Vicente Fox’s Firm Eyes Latin America as Region Opens to Marijuana

(Bloomberg) -- Former Mexican president turned drug-legalization activist, Vicente Fox, sees a paradigm shift in Latin America as governments authorize marijuana use, embracing a drug that was once shunned.

Now, as markets open in a region of more than 640 million people, Fox wants the Canadian company he represents to supply the weed.

Vicente Fox’s Firm Eyes Latin America as Region Opens to Marijuana

Khiron Life Sciences Corp., which Fox joined as a board member and adviser in 2018, is set to launch sales throughout Latin America this year, Fox said. The Vancouver-based company, which is already selling products in Colombia, is entering into a joint venture with Colorado-based Dixie Brands Inc. to market a line of medical products, using marijuana cultivated in four countries in the region.

“We have a new world,” said Fox, president from 2000 to 2006, in an interview in Colombia, where Khiron operates a cultivation site. “It’s surprising for an activity that was in the hands of criminals, illegality and the underworld. The paradigm has totally changed.”

The companies will face stiff competition. Global marijuana firms are vying to gain a foothold in Latin America, where governments have moved quickly to legalize cannabis for medical purposes. Ten governments in Latin America and the Caribbean have passed legislation, while Mexico, a country of 126 million, appears poised this year to legalize the drug for recreational use, following Uruguay, which legalized it last year.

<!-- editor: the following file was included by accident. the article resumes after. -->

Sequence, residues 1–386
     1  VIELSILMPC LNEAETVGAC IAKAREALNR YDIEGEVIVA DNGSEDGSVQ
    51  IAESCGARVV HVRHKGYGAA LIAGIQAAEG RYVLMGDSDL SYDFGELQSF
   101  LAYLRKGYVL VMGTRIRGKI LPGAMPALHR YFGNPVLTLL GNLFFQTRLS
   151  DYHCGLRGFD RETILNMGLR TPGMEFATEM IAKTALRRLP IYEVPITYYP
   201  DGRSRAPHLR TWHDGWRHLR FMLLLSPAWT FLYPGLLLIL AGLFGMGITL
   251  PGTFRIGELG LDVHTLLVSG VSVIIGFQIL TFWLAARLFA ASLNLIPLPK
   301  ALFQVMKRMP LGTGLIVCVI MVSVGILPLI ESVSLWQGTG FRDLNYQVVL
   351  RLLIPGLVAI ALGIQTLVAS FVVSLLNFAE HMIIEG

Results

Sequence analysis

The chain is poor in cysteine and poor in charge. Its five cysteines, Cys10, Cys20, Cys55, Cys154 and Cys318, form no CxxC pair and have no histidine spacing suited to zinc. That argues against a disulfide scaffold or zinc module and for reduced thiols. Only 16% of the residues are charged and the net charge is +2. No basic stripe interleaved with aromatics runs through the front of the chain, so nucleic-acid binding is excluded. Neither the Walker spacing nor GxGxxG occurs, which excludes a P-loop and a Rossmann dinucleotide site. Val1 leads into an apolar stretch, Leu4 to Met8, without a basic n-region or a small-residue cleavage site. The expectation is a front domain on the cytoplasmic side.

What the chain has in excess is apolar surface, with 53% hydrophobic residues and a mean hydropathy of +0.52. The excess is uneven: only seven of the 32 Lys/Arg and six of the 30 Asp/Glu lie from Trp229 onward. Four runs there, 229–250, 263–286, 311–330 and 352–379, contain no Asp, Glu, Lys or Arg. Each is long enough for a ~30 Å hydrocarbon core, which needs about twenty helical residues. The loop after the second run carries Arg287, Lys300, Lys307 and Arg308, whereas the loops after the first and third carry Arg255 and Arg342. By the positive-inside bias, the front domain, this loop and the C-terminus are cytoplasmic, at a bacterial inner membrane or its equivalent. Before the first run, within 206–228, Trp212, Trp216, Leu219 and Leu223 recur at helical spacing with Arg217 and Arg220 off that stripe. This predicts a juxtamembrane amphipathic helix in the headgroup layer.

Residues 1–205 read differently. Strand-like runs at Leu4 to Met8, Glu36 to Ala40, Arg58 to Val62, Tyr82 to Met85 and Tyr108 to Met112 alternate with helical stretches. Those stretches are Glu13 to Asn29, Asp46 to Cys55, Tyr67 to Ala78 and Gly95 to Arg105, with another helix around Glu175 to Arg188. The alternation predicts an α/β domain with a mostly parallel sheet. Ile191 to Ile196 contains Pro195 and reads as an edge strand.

Vicente Fox’s Firm Eyes Latin America as Region Opens to Marijuana

Medical cannabis sales in the region could top $15 billion by 2025, according to an estimate by BMO Capital Markets published last year. An industry-funded study by Prohibition Partners published in October said the market is expected to exceed $12 billion by 2028.

Governments are still establishing laws in several cases to regulate production and sales of marijuana. Khiron is working across the region, including in Brazil, to establish itself even as regulations are finalized, said President Chris Naprawa. Partnering with Dixie will help Khiron “build a moat,” he said.

Under the 50-50 venture, Khiron will supply the product, gain regulatory approvals and licenses in Latin American markets. Dixie, which sells a range of cannabis-infused products across the U.S., will supply the formulas and brands, said Dixie CEO Chuck Smith. He declined to say how much the deal is worth.

After the venture was announced Wednesday, Khiron shares gained as much as 25 percent in Toronto trading to their highest level since 2013, before paring some of the gains. Dixie soared nearly 14 percent.

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